It took some time but I realized I did not “lose” my child I just accomplished what I set out to do the day he was born, I raised a wonderful man and it is his time. Hang in there ladies and visit the site as much as you need. I met so many wonderful friends on here that helped me so very much. God Bless All Moms!
Personal Update from “Jenny” past member from Australia
It’s been nearly four years since I registered on the empty nest, stumbling across it one night when I was at my wit’s end, grieving over our children leaving the nest.
Since those early posts on the message board, my life has changed dramatically. After years of caring and looking after the needs of our children, I had no idea what I was interested in, what I wanted to do with the rest of my life. To help pick me up out of my depression, I embarked on a series of changes which have taught me a lot about myself and others.
I started out by losing 40 kilos, working out at the gym daily and for the first time in a long while going out and buying some new trendy clothes and feeling good about myself from the outside at least. I found exercise, whether it was the gym or walking, kept me challenged and worn out that I was less likely to feel teary at the end of the day. I then set about changing my life bit by bit including changing my job which I had had for the last sixteen years. I ended up finding my present position in a community based organization where I assist a range of people who have health, disability and financial problems. While my working days are long now, I feel some sense of purpose. There are people relying on me for a sense of structure and stability in their lives.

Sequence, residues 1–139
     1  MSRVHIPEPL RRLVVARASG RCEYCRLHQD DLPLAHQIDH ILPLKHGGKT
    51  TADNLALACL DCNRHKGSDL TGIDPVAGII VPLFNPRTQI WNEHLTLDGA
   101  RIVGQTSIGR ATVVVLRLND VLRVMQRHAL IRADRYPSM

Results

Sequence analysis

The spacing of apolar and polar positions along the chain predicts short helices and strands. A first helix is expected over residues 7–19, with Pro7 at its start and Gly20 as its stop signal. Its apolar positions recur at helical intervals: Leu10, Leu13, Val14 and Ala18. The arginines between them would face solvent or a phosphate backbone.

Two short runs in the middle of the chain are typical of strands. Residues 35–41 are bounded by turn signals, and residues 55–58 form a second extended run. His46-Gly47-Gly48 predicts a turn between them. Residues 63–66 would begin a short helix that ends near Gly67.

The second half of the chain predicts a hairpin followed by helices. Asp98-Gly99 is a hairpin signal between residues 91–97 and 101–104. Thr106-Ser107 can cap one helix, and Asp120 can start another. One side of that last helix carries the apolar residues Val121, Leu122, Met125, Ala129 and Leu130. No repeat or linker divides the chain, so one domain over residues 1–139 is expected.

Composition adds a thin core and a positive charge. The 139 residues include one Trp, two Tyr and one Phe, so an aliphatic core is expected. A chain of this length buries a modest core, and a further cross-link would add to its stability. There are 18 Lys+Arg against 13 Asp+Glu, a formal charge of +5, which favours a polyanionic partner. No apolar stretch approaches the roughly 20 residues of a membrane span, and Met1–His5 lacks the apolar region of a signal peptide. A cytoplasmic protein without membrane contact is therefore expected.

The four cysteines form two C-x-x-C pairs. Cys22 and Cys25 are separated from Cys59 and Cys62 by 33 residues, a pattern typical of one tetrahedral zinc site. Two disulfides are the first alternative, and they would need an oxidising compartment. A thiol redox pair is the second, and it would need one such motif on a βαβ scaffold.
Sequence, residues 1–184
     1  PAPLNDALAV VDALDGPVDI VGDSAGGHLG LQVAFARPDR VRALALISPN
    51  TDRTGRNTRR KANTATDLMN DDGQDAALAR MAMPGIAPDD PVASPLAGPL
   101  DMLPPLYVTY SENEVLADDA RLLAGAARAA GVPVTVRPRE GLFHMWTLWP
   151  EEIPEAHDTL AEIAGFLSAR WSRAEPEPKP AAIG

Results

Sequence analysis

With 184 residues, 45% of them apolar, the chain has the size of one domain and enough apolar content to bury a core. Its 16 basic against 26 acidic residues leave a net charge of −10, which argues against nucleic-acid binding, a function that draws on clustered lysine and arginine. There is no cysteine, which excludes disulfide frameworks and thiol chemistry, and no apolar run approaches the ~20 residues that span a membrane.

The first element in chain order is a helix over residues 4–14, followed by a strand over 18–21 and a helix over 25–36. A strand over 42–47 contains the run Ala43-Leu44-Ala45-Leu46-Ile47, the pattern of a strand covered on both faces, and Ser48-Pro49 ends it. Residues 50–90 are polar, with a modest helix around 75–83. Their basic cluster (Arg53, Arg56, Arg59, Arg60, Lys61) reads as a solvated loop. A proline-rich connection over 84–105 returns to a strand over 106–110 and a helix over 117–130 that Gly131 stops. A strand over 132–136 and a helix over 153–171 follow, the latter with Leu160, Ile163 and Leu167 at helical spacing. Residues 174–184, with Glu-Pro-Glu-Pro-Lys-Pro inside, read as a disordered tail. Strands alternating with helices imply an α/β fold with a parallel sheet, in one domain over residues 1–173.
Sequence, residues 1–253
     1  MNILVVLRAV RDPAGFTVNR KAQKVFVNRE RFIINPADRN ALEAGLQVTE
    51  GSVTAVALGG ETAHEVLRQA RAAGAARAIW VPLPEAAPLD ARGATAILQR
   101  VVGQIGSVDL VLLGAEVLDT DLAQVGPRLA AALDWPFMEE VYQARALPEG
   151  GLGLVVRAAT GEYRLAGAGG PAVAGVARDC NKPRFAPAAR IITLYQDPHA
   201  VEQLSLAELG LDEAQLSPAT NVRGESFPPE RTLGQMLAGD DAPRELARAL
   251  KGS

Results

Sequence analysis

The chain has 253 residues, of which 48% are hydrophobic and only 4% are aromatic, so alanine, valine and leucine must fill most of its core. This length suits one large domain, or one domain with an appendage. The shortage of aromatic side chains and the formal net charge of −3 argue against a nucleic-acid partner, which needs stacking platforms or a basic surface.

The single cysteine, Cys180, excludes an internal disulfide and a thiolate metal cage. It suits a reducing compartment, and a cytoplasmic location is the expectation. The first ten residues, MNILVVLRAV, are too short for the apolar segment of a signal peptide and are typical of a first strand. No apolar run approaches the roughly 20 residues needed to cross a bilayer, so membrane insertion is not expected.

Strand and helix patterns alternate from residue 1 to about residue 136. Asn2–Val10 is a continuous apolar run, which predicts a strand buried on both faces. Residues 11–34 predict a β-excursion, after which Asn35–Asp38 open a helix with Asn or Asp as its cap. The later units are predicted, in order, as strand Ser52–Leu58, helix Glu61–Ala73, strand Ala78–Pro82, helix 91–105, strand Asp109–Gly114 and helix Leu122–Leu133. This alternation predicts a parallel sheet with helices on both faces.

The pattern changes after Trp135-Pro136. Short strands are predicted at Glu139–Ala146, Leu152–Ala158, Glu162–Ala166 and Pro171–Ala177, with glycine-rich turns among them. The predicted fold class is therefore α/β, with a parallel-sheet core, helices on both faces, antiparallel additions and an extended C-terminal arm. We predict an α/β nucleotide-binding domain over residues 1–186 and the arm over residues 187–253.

However, the emptiness still remains. While I still have good relationships with my children, the fact that they live in two different states, means I don’t get to see them very often. I’ve had to accept the reality of my situation – when I’m out shopping and I see mothers shopping with their daughters, etc. I look at this simple everyday sort of event and think to myself, this is never going to be me. They say distance makes the heart grow fonder – I’ve found the opposite to be true. As each year passes, while I can see the family bond exists, I feel I know even less about my children. The telephone calls get shorter or the intervals between calls longer.
So how do I get around this. I know I’m not completely healed. I just continue to keep busy, studying part-time. Sometimes I think, I make my life too busy but I figure if I’m busy, I won’t have to dwell. My husband and I have done some travelling and in many ways, the empty nest has opened up new and exciting doors for me. I know I’ve come a long way since those early posts to the Empty Nest site and am grateful for those other moms who replied to me those days.
All I can say to anyone navigating the empty nest, is be gentle with yourself. Do whatever it takes, in those early days to get through them. Things do get better, life will be different and we just have to work at letting go and moving on with our lives.